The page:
McCall Parkhurst & Horton marks a century of Texas public finance law

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McCall Parkhurst & Horton, the perennial leader among bond counsel in Texas, has made a lot of history over the past century, enough that the firm thinks it is time to take stock and celebrate.

The firm has posted stories about key events on its website, leading up to a centenary celebration in the Dallas headquarters Oct. 24.


“We believe our history is a very important part of who we are as a firm,” said Carol Polumbo, the Austin-based managing partner and bond attorney for numerous state and local deals in Central Texas. “We have a lot of institutional knowledge that is shared within the firm.”

Polumbo alone has worked on more than 1,300 transactions at McCall totaling over $20 billion

Founded by a former secretary of the Texas Senate and assistant to Gov. William P. Hobby as the Law Office of John D. McCall in Dallas in 1919, the firm has dedicated its practice solely to public finance over its 100-year history. That specialization has helped it dominate the bond counsel ranks in Texas and the Southwest for years. In 2018, McCall Parkhurst was credited by Refinitiv for almost $10.3 billion of bond transactions, far ahead of No. 2 Bracewell’s $6 billion.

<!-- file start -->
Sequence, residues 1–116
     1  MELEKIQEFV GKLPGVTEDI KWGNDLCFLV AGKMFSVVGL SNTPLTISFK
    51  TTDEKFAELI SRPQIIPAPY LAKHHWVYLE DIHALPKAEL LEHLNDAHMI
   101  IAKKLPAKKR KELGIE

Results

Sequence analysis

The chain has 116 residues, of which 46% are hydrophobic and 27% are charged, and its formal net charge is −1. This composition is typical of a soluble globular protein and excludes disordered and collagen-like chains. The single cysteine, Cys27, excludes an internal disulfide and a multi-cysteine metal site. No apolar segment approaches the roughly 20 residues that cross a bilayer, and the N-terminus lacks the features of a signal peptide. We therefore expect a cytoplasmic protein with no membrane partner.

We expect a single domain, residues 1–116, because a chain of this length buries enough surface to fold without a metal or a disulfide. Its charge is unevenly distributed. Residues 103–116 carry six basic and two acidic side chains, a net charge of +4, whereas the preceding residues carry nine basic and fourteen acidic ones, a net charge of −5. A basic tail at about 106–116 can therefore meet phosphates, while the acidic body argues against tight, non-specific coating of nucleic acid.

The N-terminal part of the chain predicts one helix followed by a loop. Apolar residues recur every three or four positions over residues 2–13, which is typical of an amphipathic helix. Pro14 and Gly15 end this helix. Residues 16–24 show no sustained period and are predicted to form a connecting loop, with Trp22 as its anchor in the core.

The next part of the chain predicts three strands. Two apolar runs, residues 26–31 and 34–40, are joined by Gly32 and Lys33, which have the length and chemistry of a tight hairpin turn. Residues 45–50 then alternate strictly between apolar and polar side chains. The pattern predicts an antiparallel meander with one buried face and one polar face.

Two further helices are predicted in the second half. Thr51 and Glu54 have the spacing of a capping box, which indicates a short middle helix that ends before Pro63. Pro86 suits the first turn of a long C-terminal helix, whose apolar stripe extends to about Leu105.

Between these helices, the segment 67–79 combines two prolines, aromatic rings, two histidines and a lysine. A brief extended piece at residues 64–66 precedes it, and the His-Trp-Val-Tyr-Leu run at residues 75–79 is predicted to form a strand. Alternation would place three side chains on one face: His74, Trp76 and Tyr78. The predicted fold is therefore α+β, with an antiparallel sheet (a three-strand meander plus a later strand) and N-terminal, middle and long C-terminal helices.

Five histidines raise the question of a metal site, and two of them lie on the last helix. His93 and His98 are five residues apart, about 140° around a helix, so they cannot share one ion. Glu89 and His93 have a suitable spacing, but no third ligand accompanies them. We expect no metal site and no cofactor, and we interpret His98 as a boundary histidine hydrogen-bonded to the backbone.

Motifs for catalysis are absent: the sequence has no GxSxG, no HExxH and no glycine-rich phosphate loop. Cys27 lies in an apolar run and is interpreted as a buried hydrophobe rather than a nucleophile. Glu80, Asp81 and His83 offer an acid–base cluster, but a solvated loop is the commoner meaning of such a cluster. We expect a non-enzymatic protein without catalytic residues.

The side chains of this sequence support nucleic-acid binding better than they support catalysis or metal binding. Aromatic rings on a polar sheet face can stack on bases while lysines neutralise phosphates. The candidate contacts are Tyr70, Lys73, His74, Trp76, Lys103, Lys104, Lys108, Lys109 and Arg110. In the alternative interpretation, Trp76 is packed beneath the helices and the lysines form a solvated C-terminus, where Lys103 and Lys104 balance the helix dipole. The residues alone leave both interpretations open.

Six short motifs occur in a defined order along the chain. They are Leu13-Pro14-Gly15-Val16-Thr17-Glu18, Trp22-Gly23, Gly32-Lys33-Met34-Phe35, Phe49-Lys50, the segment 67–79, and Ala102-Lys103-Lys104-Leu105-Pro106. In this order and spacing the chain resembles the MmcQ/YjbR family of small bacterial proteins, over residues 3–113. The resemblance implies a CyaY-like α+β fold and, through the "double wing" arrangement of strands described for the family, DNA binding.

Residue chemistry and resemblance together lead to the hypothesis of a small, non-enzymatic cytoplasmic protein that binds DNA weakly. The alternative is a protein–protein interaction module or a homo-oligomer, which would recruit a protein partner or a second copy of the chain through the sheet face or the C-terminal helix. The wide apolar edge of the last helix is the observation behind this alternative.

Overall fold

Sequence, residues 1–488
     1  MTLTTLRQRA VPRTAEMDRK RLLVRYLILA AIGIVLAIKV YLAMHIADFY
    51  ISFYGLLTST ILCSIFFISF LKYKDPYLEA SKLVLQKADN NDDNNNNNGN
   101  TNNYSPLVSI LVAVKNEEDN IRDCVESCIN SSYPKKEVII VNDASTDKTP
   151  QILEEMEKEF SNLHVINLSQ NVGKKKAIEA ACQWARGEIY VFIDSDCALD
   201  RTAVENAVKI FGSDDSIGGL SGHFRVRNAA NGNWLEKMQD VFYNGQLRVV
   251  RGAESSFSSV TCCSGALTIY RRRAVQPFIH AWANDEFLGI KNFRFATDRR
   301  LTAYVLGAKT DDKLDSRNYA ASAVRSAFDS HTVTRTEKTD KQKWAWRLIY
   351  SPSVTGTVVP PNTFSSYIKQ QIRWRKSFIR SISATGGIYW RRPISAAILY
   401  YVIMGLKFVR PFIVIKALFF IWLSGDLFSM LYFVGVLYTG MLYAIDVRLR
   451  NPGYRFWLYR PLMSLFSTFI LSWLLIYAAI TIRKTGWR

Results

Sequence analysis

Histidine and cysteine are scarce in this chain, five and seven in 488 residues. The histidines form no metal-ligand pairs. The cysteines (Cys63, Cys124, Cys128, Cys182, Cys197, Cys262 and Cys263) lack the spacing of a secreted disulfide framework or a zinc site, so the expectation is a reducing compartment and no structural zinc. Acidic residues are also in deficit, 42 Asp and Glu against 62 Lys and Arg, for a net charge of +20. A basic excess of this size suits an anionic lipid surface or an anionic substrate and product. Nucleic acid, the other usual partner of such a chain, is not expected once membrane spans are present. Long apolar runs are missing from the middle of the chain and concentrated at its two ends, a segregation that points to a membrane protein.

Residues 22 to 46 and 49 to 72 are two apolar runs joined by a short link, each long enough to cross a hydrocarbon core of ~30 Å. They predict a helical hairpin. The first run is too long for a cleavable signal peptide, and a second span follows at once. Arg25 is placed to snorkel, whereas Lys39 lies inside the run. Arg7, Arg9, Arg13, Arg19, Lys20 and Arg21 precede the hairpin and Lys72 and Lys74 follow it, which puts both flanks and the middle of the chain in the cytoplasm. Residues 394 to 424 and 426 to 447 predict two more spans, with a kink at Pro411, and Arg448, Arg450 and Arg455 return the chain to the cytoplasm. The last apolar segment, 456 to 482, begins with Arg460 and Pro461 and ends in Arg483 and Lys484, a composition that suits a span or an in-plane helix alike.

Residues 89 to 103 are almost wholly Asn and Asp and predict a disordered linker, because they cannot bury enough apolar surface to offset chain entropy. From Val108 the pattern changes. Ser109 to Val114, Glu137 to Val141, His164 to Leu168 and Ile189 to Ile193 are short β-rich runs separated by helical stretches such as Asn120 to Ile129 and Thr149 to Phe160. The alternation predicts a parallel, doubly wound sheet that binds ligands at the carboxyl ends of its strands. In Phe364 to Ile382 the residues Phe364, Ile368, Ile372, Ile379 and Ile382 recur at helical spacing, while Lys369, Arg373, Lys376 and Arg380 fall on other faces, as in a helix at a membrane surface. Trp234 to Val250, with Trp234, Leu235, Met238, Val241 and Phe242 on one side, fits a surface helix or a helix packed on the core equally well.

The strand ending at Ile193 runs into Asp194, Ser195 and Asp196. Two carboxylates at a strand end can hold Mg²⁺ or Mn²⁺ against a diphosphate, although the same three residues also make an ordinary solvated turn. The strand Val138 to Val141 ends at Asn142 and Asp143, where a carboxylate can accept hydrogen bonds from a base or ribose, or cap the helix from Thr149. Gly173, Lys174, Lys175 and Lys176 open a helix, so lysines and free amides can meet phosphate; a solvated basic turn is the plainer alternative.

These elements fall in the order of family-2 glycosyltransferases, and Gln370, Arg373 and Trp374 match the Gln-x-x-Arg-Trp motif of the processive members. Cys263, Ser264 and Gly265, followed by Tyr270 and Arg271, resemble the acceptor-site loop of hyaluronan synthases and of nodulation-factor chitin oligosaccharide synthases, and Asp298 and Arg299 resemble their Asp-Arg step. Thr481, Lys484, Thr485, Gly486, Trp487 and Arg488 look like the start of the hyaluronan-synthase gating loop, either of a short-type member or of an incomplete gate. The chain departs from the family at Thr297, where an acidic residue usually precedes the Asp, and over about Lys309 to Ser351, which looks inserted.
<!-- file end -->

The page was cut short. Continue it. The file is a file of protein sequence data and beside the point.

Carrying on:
With offices in Dallas, Austin, Houston and San Antonio, the firm serves as bond counsel for an array of state and local public securities issuers.

The firm touts its record of innovation and involvement in drafting constitutional amendments and statutes in all areas of public finance law. McCall played an active role in the codification of over 70 years of accumulated public finance statutes into the Public Securities Title of the Texas Government Code.

“We do not lobby,” Polumbo said. “But we do consult with the Legislature on bills that may require our expertise or that our clients seek our help on.”

Today, McCall represents about a third of all political subdivisions in Texas. Its partners were on the ground floor for major projects during the state's dramatic growth, including Dallas/Fort Worth International Airport, Dallas Love Field, the North Texas Municipal Water District, convention center hotels in Dallas, Fort Worth, Austin and San Antonio, the Possum Kingdom Lake reservoir, and hospitals and health care facilities across the state.

The firm assisted in the creation of the Texas Turnpike Authority, now known as the North Texas Tollway Authority, and works with state and local political subdivisions on a variety of transportation initiatives.

Polumbo was bond counsel for Texas’ first transportation private activity bonds issued for the North Tarrant Express and LBJ Freeway projects in the Dallas/Fort Worth area.

McCall attorneys helped structure a consolidated general obligation credit for five of the state′s major university systems, allowing bond rating upgrades that produced significant cost savings.

In April 1919, the firm’s founder resigned as Gov. William P. Hobby’s private secretary, and the family relocated to Dallas where he opened the Law Offices of John D. McCall in the Western Indemnity Building.

Randolph McCall, the first-born son of John and Reba Randolph McCall, would join his father’s firm but later moved to the Rio Grande Valley, where he developed new citrus farming techniques.